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gari jenkins


Pareto Analysis : selecting the most important changes to make.  It is a very simple technique that helps you to choose the most effective changes to make.

It uses the Pareto principle - the idea that by doing 20% of work you can generate 80% of the advantage of doing the entire job. Pareto analysis is a formal technique for finding the changes that will give the biggest benefits. It is useful where many possible courses of action are competing for your attention.

How to use tool:
To start using the tool, write out a list of the changes you could make. If you have a long list, group it into related changes.

Then score the items or groups. The scoring method you use depends on the sort of problem you are trying to solve. For example, if you are trying to improve profitability, you would score options on the basis of the profit each group might generate. If you are trying to improve customer satisfaction, you might score on the basis of the number of complaints eliminated by each change.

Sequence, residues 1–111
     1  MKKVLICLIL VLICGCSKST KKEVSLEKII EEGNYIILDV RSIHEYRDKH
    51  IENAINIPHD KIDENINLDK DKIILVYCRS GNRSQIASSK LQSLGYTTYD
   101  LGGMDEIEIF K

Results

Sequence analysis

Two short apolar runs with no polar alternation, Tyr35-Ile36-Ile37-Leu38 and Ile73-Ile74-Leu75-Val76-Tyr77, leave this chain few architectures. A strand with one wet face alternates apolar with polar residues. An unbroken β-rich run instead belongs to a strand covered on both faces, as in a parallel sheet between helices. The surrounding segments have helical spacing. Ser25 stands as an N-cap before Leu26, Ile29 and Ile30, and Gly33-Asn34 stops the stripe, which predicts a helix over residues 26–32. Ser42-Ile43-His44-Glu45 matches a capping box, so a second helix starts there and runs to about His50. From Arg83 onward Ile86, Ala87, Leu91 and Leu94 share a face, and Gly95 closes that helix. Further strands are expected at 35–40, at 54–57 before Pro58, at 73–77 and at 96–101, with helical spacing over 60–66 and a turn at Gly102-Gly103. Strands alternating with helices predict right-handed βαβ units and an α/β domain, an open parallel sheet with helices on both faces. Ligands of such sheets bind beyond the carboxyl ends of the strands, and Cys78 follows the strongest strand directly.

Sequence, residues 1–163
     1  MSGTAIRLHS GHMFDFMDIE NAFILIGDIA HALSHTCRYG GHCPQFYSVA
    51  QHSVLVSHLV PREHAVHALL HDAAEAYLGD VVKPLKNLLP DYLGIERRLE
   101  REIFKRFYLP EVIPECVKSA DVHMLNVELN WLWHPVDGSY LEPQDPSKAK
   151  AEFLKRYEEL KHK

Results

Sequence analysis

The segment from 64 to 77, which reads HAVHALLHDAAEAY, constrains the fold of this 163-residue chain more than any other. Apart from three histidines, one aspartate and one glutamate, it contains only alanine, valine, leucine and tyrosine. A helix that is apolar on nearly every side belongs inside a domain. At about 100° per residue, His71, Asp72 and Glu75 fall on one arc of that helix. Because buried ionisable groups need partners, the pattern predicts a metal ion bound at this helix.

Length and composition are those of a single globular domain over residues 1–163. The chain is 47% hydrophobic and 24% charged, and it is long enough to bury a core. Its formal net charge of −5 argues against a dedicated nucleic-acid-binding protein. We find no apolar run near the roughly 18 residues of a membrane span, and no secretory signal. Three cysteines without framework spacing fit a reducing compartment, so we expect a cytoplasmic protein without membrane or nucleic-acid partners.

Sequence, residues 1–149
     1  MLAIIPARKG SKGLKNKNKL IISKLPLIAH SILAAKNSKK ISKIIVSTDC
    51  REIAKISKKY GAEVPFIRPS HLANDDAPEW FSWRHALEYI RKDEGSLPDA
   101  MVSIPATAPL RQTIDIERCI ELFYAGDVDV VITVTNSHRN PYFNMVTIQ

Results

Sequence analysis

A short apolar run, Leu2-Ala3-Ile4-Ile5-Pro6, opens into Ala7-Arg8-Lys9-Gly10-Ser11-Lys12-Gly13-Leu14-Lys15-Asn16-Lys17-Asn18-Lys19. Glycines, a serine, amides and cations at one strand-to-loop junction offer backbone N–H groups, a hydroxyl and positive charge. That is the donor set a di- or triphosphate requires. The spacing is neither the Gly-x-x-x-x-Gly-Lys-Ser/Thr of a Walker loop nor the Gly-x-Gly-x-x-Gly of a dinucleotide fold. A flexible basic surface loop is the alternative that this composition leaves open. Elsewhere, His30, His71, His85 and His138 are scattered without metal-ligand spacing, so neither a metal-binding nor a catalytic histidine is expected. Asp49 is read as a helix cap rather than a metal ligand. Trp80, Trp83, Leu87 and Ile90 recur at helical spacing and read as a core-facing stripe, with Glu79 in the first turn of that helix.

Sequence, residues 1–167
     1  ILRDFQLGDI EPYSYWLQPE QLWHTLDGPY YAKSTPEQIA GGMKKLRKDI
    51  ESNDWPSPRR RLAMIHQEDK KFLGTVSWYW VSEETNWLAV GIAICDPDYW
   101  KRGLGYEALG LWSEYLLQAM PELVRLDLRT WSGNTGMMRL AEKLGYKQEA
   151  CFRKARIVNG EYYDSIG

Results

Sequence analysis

The first change to tackle is the one that has the highest score. This one will give you the biggest benefit if you solve it. The options with the lowest scores will probably not even be worth bothering with - solving these problems may cost you more than the solutions are worth.


Top 10 Business Uses of the 80/20 Principle